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Come on then - criticise me!

Discussion in 'New Riders and Riding Tips' at netrider.net.au started by 17SJS, Mar 18, 2011.

  1. Okay, so I'm going a little nutty thanks to the fact that I can't get back on the bike until June - a combination of having an ACL reconstruction in November, and promising the other half I wouldn't get back on until post-wedding in May.

    Unfortunately, I have a pic of myself as my desktop image - conceited much? - and I can't help analysing it and trying to work out what I'm doing wrong. I just couldn't seem to push myself far enough to get the knee down and get around the corners quicker.

    So, I'm throwing the pic over to you lot, and asking you the same question - what's going on here? Is my body position off, did I upgrade to a big bike too soon, or do I just need to grow a pair and push the bar further next time around?


    EDIT: Yep, I see the other thread 4 or 5 below mine - just thought this might be an interesting exercise with a pic for reference.

    Attached Files:

  2. go faster and drop the elbow and dont try to do it
  3. Define 'drop the elbow'..? I conciously try to keep my upper body loose and relaxed, and my elbow is pretty much just hanging free.

    Should point out that the main point for me here is to corner quicker, not get the knee down (before I get chewed out on that). Scuffed knee sliders are a bonus.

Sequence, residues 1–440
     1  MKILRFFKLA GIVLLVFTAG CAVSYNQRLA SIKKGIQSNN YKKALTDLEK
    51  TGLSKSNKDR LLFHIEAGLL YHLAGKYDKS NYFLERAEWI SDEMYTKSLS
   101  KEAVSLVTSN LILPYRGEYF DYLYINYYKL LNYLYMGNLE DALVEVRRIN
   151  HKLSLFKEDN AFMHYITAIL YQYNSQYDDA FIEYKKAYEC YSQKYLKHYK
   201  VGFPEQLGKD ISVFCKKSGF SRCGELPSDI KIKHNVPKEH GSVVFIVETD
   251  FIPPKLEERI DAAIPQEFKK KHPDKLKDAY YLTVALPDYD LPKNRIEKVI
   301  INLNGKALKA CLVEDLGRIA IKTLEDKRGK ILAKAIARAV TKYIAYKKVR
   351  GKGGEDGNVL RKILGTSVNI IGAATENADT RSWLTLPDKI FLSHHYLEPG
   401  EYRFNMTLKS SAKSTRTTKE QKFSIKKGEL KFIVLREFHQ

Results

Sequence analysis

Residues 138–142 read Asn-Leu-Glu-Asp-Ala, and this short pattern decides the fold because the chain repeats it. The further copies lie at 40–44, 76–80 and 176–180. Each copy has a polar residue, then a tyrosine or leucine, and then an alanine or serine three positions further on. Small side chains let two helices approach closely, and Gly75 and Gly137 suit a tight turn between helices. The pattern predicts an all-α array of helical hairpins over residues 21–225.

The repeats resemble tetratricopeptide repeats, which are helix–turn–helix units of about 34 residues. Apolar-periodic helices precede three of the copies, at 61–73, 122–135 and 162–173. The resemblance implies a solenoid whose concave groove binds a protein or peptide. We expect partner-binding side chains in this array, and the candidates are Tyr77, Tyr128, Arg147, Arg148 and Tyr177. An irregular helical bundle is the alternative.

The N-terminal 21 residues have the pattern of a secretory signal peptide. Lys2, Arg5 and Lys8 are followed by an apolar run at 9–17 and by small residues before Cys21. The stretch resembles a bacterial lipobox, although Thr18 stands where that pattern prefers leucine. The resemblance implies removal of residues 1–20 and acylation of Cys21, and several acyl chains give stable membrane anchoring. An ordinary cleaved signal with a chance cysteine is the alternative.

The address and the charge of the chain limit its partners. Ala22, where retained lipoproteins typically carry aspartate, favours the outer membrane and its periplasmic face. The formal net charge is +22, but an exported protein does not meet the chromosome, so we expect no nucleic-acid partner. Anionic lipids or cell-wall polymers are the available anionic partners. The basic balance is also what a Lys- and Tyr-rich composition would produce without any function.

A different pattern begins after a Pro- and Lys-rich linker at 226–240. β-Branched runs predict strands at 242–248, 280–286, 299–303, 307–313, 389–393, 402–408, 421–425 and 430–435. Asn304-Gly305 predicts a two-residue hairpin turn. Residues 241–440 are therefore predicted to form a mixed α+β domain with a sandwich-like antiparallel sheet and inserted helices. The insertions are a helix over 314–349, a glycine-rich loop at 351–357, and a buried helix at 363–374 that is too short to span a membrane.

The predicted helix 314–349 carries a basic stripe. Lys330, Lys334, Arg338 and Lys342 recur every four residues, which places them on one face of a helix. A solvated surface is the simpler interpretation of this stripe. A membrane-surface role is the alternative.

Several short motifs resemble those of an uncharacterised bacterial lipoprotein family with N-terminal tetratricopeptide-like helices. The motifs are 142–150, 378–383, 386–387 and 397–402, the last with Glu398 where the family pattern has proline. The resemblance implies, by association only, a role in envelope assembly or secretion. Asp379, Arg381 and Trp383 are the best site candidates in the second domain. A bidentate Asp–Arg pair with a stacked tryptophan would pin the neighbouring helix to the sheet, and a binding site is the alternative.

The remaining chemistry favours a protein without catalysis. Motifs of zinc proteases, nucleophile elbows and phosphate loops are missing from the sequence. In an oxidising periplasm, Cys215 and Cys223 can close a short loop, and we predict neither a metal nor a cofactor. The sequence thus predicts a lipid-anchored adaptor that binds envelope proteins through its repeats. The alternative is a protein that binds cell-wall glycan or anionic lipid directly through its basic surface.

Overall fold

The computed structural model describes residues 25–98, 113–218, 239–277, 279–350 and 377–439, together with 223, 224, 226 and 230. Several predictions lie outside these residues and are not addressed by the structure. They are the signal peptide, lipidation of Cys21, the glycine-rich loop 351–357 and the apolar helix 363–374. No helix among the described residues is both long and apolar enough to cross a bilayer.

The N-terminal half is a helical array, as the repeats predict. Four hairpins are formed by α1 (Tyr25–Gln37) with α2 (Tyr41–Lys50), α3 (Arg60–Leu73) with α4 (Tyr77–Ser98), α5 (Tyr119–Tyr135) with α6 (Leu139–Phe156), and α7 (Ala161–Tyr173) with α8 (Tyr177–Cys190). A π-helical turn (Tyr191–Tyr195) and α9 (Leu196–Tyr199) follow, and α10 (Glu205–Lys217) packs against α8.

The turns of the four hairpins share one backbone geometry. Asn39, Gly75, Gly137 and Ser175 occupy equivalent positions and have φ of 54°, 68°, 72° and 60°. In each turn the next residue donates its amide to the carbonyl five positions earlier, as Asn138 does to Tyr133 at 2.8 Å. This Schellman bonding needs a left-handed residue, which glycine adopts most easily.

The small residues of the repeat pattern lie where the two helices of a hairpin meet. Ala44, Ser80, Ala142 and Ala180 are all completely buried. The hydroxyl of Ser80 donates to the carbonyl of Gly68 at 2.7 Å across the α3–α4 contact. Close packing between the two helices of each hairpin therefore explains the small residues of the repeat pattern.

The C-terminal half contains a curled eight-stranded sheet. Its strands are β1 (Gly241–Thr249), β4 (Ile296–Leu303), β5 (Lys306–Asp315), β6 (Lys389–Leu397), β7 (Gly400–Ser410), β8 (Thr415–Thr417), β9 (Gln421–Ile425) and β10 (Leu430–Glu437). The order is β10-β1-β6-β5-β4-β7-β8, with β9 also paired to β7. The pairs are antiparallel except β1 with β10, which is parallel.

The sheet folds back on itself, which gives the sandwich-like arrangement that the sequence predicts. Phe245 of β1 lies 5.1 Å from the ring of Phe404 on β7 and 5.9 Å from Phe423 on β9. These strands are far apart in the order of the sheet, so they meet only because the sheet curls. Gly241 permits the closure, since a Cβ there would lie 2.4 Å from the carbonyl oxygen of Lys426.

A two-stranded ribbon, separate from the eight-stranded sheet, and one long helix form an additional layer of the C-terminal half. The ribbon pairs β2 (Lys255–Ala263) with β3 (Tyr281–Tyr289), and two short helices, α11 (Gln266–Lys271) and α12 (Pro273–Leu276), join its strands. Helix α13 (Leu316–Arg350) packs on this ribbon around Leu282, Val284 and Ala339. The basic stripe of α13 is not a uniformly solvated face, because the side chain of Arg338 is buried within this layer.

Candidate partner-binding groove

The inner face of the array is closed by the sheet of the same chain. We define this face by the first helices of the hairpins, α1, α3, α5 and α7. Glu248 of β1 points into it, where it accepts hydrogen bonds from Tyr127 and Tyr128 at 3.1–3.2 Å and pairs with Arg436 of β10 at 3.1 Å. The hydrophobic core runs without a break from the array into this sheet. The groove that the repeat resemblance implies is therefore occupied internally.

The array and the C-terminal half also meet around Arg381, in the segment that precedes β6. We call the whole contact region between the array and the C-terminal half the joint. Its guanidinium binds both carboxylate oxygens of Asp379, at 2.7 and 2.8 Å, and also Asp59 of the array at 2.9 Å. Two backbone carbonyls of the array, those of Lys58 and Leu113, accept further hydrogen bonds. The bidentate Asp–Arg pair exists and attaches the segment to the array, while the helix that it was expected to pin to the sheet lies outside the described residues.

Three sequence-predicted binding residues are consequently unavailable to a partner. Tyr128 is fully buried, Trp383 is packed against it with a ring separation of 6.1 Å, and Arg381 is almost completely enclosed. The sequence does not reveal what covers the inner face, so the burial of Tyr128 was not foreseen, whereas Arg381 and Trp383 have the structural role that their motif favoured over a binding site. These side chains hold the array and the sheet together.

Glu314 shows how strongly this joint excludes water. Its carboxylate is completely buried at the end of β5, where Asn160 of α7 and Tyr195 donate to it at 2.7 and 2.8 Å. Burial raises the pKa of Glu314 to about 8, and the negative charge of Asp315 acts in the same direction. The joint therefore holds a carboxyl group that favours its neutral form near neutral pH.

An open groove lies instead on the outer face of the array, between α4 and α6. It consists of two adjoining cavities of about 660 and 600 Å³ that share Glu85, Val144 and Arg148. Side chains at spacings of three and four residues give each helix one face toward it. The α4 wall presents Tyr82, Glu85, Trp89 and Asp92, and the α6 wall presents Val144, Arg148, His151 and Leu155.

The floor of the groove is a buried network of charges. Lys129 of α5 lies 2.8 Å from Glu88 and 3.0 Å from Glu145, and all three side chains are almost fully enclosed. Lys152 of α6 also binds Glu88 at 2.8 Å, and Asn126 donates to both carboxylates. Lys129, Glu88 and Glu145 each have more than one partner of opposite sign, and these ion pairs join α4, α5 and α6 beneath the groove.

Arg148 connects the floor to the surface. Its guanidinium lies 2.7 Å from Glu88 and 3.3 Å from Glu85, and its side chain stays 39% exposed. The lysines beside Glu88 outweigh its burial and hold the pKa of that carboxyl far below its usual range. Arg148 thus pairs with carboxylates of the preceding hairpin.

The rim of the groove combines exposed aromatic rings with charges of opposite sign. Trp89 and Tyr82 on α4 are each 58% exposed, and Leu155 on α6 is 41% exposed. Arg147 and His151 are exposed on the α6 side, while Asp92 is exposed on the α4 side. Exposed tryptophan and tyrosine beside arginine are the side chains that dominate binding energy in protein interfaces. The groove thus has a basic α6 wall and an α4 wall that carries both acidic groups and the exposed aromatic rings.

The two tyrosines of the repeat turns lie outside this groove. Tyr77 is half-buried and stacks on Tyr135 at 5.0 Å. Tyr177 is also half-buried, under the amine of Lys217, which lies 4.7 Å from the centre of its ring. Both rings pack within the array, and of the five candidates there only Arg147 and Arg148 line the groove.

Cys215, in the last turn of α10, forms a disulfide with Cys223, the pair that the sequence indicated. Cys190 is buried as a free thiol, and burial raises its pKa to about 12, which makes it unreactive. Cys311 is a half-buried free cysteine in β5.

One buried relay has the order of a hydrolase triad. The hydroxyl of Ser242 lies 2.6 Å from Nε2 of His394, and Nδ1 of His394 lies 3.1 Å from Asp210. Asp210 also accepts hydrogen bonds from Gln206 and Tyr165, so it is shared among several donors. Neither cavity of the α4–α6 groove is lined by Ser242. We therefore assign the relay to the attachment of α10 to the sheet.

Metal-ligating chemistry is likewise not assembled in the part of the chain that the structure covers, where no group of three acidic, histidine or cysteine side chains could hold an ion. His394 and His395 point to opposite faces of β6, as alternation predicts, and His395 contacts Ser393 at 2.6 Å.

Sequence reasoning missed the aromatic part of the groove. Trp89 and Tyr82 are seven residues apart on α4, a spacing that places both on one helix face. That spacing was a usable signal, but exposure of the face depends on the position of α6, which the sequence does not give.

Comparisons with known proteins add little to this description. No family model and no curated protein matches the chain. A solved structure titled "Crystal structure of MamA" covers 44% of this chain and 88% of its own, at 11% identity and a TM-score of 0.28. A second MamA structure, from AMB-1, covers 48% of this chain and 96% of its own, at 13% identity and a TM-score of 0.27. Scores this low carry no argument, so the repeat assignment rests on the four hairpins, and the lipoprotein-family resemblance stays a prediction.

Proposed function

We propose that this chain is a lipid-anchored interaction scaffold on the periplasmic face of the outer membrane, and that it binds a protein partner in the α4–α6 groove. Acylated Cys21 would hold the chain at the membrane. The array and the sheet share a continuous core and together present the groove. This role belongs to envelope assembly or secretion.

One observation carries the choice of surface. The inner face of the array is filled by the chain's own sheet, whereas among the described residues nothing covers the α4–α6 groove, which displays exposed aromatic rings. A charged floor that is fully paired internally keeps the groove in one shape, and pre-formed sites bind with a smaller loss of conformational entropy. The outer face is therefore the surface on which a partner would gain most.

Looking forward to getting back out there...might be a good opportunity to take up the tuition option while I've forgotten my old riding style.
  4. I reckon, if you pop your knees wider, angle your hips toward the inside just a little more, you'd just about have it down right there. Try and rotate the down knee out just a little more, and go just a tiny little bit quicker.

    You are the one nearer the camera, right?

    Drop the elbow - two ways you can read that. Wind on more throttle, or bend your upper body further forward and down and inside, so that you could almost take a bite out of the back of your throttle glove. I'm not sure which one he meant either...
  5. Move your ass over drop your elbow and try to kiss your mirror ;)
  6. Oh right - forgot to mention that point. I'm the one nearer the camera. :D

    I'm hoping this knee reconstruction has done what it's supposed to - my right knee was the one done, so when this pic was taken (pre-op) I couldn't safely put my full weight on it through corners in case it gave way. I reckon i might be able to get off the seat a bit further when I get back into it...

    Incidentally, I'm leaning towards the "i need more balls" option too.
  7. I had my ACL done 2 years ago using my hamstring took 8 month's to fully recover....I feel your pain although I have a friend who just had it done with a synthetic one and is almost fully recovered after 3 month's.....
  8. Basic technique looks fine to me. You could hang off more, get the inside elbow out and down closer to the road, and so on, but really not necessary. Just gotta practise a bit more and get some confidence to go faster around the corners and your knee will go down for sure.

    At this stage, I'd say don't change your body positioning. If it's comfortable for you now, then run with it. Just build up your cornering confidence. It'll come with time.
  9. From this image, it 'appears' that you can get further off the bike. 1 full arskcheek is a good max to limit yourself to.

    So if you are hanging off less than that, there is room to get further off. But beware not to rotate your hips around the inside of the tank. A common problem.
    This will prevent efficient body position. You must keep your shoulders largely square to the bike and move them across the bike, remaining perpendicular to the bike.